Chelsea hire West Brom's Leyde to lead position-specific scouting
Written by Simon Austin — October 1, 2023
CHELSEA have hired Jeremy Leyde from West Brom to head up their new position-specific scouting department.
Co-Sporting Director Paul Winstanley pioneered the use of positional scouts when he was Head of Recruitment at Brighton from 2014 to 2022. Traditionally, scouts have covered geographical areas rather than positions.
Leyde was Head of Scouting at West Brom from February 2019 until he joined Chelsea a few weeks ago. He worked with Winstanley at Brighton, where he was a Domestic Recruitment Analyst from January 2016 to February 2019.
Chelsea now have Scouting Managers who are responsible for specific roles within the squad: goalkeepers; full backs; centre backs; wide midfielders and attacking midfielders (#10s); central midfielders (#6s and #8s); and strikers.
The Scouting Managers work closely with Chelsea’s data science staff as well as with the scouts in different territories to filter targets. They then report into Leyde, who, in turn, reports into Sporting Directors Winstanley and Laurence Stewart.
Chelsea believe the positional scouting model is the one that enables them to be most nimble and responsive in the transfer market. Arsenal, Newcastle and Norwich are among the clubs to have followed Brighton's lead in adopting the positional model, while the Seagulls have continued with it despite Winstanley’s departure to Chelsea in November last year.
EUROPEAN SPORT '20 YEARS BEHIND' UNITED STATES ON DATA
Chelsea co-owner Behdad Eghbali suggested there was room for improvement in both Chelsea's use of data and their scouting when he spoke at a Sportico event last October.
"These things (European football clubs) generally are not well managed, in our view, they are not optimised," he said. "Fenway Group with Liverpool or Abu Dhabi with Man City have done it well… but for the most part these things haven’t been optimised.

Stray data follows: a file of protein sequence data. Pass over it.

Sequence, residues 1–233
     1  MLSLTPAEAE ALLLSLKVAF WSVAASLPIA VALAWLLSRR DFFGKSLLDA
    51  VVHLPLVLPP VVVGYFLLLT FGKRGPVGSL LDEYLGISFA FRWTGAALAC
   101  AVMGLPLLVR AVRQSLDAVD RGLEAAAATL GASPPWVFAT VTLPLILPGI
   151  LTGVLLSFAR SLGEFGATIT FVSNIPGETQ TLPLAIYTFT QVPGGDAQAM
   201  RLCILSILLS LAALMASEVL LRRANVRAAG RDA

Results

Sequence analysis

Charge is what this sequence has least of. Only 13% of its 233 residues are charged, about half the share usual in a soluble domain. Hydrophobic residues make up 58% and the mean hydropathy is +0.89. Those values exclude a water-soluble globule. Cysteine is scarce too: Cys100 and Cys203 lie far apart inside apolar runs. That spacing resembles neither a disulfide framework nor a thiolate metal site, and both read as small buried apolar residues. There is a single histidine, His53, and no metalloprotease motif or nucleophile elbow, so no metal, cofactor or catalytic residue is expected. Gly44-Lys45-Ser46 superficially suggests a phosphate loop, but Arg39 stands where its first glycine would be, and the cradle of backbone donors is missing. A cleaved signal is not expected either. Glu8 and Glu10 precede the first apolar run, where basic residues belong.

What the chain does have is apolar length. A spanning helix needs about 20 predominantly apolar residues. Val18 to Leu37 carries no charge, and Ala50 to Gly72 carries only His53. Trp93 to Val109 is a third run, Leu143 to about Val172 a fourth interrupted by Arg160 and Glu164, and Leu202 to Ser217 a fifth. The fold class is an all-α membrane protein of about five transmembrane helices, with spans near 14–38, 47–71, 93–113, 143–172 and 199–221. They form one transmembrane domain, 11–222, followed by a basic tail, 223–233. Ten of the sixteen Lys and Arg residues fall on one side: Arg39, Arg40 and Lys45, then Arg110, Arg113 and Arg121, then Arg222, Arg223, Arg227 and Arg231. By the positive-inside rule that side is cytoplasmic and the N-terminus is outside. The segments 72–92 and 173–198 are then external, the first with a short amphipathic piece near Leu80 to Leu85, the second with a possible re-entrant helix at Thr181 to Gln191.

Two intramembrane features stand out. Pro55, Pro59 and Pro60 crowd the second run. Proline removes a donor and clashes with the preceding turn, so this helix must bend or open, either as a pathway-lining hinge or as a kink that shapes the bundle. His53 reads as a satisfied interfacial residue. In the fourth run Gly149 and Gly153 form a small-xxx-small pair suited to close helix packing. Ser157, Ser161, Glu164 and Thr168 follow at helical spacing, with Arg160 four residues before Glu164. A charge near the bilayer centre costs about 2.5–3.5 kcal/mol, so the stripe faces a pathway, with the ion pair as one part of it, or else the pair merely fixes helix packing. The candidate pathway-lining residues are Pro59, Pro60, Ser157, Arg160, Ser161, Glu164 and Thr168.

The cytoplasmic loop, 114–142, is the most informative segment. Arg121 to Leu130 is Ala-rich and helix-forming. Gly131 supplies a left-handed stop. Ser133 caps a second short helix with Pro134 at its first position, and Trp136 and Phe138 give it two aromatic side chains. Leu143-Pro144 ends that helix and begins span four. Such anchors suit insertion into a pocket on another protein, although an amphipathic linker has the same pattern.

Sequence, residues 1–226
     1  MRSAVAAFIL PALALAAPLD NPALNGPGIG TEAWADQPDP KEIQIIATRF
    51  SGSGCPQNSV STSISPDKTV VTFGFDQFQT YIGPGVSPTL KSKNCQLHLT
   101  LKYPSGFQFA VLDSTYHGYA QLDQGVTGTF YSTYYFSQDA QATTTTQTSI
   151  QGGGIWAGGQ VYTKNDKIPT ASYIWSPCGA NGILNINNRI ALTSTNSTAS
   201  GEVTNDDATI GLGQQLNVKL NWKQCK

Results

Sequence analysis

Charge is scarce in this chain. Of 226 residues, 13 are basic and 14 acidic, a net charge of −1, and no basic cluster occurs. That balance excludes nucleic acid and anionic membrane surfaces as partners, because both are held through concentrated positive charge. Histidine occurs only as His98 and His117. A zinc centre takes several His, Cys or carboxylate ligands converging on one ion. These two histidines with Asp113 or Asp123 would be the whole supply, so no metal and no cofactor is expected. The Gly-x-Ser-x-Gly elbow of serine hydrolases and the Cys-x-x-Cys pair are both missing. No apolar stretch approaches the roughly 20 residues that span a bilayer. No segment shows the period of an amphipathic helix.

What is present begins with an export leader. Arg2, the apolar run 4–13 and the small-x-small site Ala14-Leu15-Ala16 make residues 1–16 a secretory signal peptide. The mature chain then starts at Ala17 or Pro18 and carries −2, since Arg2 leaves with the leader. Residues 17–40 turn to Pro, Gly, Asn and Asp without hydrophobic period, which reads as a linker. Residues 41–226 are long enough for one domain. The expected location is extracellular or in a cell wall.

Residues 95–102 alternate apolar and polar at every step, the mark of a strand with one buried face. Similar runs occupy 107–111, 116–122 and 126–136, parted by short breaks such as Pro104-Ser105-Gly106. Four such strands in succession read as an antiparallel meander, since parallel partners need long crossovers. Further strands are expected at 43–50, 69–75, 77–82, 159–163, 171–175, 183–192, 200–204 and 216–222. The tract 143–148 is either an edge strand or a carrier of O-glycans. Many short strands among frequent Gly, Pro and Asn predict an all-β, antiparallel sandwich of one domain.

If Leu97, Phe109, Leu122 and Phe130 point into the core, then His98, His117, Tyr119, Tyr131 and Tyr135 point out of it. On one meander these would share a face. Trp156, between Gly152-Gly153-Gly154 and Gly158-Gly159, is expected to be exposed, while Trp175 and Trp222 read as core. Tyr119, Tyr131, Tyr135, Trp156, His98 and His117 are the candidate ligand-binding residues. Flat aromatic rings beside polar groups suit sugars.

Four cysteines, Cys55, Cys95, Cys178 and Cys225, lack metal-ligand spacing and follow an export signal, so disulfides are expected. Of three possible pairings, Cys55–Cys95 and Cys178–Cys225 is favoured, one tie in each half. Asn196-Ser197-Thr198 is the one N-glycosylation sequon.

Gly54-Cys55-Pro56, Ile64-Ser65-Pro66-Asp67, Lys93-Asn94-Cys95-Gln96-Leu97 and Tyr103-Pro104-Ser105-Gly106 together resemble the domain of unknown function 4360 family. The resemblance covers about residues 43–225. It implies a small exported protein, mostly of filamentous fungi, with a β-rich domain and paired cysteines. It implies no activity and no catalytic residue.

"We’ve looked at it and we think European sports is probably 20 years behind US sports in terms of sophistication on the commercial side, sophistication on the data side. I had one super high-level Sporting Director at (one of) the world’s top three clubs tell me, when I asked about their approach to data, 'The data’s my eyes, I pick players on my eyes.'
"He has six scouts, no data. We know of good sports teams in any league here (the United States), there’s 10, 20, 30 data analysts and wide use of data. That’s one area we think there’s a lot of runway for European sports.
"The question is how do you run these things more effectively, how do you control salary costs? I think there is a global pool of talent. Where you’re managing your labour costs more effectively, you’re not signing the 30-year-old free agent, you’re signing players and keeping the players.
"If you use data, if you’re thoughtful about this global market for talent and access to talent, you can capture, acquire, retain and monetise talent. There are teams in the Premier League that spend 10% of what the top five, six spend on payroll.
"Brighton, we think they are one of the best run teams in the Premier League. Their founder, owner (Tony Bloom), is a sports gaming, data background. He spends 10% of the payroll (as the top five or six), wins almost as much, and is a very stable mid-table, very profitable club.
"If you apply some of that IP into developing talent, but keeping your own talent. The model of six, seven, eight year contracts, we think can be a sustainable model."